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Front Page » Government » In sewer crisis, county uses rehabilitated pumps

In sewer crisis, county uses rehabilitated pumps

Written by on June 28, 2016
In sewer crisis, county uses rehabilitated pumps

When county commissioners unanimously approved ratifying contracts the administration awarded as part of the Water and Sewer Department’s Consent Decree and Capital Improvement Program Acceleration last week, Chairman Jean Monestime said he will meet with Director Lester Sola to discuss his concerns that only 10 or 12 of 1,100 water and sewer pumps throughout the county will be brand new. The majority, Mr. Sola said, will be rehabilitated.

At this time, he told the commission, the department is close to rehabilitating or building 200 pump stations.

“We’re looking at all the pump stations for quick fixes to get them out of moratorium,” Mr. Sola said in reference to the resolution ratifying the actions of the administration: awarding a $8.8 million, six-year contract for upgrades to the Miami-Dade North District Wastewater District Plant; a $8.8 million, six-year contract for upgrades to the Miami-Dade South District Wastewater Treatment Plant; a $10,760.850, 462-day contract for a 36-inch ductile iron water transmission main along Southwest 152nd Street from Southwest 137th to 112th avenues; and a $17,895,350, 834-day contract to construct the North District Wastewater Treatment Plant Pretreatment and Sludge Transfer Rehabilitation.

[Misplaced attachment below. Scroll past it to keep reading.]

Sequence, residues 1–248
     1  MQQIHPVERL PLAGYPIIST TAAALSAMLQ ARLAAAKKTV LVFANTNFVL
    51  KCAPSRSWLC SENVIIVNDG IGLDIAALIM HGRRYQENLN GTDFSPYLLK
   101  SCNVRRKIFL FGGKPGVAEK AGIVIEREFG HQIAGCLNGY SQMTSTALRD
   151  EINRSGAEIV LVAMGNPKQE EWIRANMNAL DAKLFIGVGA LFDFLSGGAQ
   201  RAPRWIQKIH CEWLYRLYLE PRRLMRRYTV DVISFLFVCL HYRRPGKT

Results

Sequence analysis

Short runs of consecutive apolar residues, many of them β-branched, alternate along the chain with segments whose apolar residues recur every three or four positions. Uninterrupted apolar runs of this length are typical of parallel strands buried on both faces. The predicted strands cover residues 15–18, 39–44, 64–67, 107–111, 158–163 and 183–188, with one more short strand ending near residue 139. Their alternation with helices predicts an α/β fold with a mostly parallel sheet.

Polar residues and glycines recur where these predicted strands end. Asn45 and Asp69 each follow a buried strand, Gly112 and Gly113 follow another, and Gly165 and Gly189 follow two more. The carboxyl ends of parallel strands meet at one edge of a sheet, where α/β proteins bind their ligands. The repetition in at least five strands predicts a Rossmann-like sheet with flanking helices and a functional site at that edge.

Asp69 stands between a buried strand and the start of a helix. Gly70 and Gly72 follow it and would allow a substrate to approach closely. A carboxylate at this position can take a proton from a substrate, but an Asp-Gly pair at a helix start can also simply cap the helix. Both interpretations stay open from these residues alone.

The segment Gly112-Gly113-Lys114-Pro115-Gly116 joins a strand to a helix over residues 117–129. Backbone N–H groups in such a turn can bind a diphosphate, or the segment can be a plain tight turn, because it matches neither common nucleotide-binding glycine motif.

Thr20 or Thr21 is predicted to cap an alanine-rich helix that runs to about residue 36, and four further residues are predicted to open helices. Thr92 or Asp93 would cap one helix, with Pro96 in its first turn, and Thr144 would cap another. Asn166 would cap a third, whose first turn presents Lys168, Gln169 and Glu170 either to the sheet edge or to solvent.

On Sept. 3, 2014, commissioners authorized the administration to award contracts for funded capital projects and related goods and services to accelerate the approval of the Water and Sewer Department’s consent decree projects and those identified in the department’s multi-year capital improvements program without the need for prior board approval but subject to its ratification.

Before last week’s vote, Juan C. Zapata formally announced he would be abstaining in compliance with Danielle Levine Cava’s new ordinance pertaining to elected officials’ transparency about conflict of interest.

“It has come to my attention that I have a potential conflict of interest [having been in a business relationship with one of the contractors being awarded a professional agreement],” he said. “It is with an abundance of caution that I will be removing myself from the chamber.”

Mr. Zapata continued to list the dictates of the legislation he would follow, including filing a statement. His words were met with laughter from more than one fellow commissioner.